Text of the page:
Gluten Free, Musings

Tips for Traveling Gluten Free

Being away from home shouldn’t mean compromising your gluten free health and safety. I used to travel so much for work, I became very efficient in the way I planned my trips to stay safe. Colleagues were well aware of my needs and were more than happy to go along to places I selected ahead of time. When traveling for pleasure, the same goes for whomever my travel companion happens to be. So, the common theme here is to plan. Here are a few quick tips to help you get started.

My Vetting restaurants protocol can be a good resource to planning your meals at your destination. If you wing it, you may run the risk of getting “hangry,” and from personal experience, it’s not a pretty sight. I will say that at least half, if not more of my dining experiences away from home usually take place in a kitchen-equipped hotel suite via grocery stores where I can have uber control. Some people make dining out part of their travel experience, so vet ahead of time to increase your chances of success!

Tips for planning your gluten free travels

Flights – Did you know that many airlines offer GF meals (mainly on longer flights that offer meal service)? Request GF meals at least a week ahead of time. This is the meal I received – and it was actually pretty good! An added bonus? On all of my flights, the “special” meals were the first to be served on the plane! And, I wasn’t the only GF meal being served on the plane. Some travelers order special meals for their travel companions too so they are all served at the same time.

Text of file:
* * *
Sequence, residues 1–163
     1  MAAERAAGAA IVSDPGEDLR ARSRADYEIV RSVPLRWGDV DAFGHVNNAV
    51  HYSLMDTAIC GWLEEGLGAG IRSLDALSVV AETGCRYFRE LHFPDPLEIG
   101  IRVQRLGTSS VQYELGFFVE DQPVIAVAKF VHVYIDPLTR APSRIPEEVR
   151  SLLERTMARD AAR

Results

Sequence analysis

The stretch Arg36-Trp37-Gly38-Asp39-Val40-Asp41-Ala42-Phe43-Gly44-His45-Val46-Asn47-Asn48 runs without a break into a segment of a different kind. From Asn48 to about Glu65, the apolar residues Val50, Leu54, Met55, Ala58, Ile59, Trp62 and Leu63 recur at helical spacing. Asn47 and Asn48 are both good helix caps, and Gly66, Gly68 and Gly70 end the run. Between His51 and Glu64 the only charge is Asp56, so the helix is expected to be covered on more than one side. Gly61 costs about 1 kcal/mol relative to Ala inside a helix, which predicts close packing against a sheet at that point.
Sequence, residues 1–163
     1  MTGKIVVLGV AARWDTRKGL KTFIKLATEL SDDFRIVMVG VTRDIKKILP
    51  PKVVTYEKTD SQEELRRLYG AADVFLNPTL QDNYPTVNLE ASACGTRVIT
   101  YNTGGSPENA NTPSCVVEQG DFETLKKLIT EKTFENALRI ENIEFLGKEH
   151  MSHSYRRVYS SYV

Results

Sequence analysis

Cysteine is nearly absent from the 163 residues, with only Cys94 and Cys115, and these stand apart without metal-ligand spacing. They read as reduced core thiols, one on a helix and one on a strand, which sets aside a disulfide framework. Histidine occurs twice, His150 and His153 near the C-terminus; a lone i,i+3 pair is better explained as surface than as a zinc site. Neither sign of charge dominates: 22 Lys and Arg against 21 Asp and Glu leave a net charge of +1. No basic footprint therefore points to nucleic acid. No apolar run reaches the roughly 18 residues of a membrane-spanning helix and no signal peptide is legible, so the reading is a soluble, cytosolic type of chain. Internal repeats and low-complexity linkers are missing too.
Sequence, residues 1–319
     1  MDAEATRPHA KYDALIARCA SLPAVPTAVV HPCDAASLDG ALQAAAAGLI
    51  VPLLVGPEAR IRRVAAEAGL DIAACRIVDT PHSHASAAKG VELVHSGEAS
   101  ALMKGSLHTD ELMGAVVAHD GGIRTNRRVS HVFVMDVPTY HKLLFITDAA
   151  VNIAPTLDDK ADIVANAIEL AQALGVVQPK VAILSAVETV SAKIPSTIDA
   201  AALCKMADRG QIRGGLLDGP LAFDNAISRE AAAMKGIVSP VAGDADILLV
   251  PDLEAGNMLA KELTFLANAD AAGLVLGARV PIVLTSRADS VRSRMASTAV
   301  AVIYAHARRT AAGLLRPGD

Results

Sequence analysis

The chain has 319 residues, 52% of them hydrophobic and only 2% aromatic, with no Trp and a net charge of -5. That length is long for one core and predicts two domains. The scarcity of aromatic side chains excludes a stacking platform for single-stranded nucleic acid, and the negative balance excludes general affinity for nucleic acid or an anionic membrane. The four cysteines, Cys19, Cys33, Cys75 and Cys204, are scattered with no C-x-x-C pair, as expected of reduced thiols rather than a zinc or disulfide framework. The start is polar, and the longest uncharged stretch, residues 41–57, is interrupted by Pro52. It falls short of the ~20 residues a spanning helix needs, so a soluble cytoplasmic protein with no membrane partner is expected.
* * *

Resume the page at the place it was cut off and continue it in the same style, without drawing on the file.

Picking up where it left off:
Hotel – Consider a suite hotel with a kitchen and plan a few meals at the hotel. You’ll still need to be diligent with the cookware and utensils you’ll be using (cross contamination), but having a microwave and fridge can be a big help.

Restaurants – Research and make reservations at accommodating restaurants. Even restaurants within many theme parks have GF options.  This is just as critical as planning which hotel to stay in or the activities you plan on doing. Do your vetting and make reservations ahead of time and follow a good protocol when dining out.

Pack plenty of nutritious GF snacks for the airport, airplane, car, train, amusement parks and other activities. It’s easier than the time and effort of roaming a random convenience store to find something safe – and keeps “hangry” at bay.

Know the translation and symbols for GF in other countries, including words & pronunciation of wheat, barley and rye. In Amsterdam, they had a pretty decent labeling system. I dined via grocery store way more often than restaurants. This was hazelnut butter that I put on some GF bread. It’s called “Hazelnootpasta” in Dutch. Had I not known, the word “pasta” would have thrown me off, but it had their little GF symbol on it.

Planning ahead can make all of the difference to whether your trip is an awesome or miserable one. Don’t miss out an anything! Go prepared!

Check out the new blog, Spoondoggles, and follow them on their GF, Paleo and AIP journeys!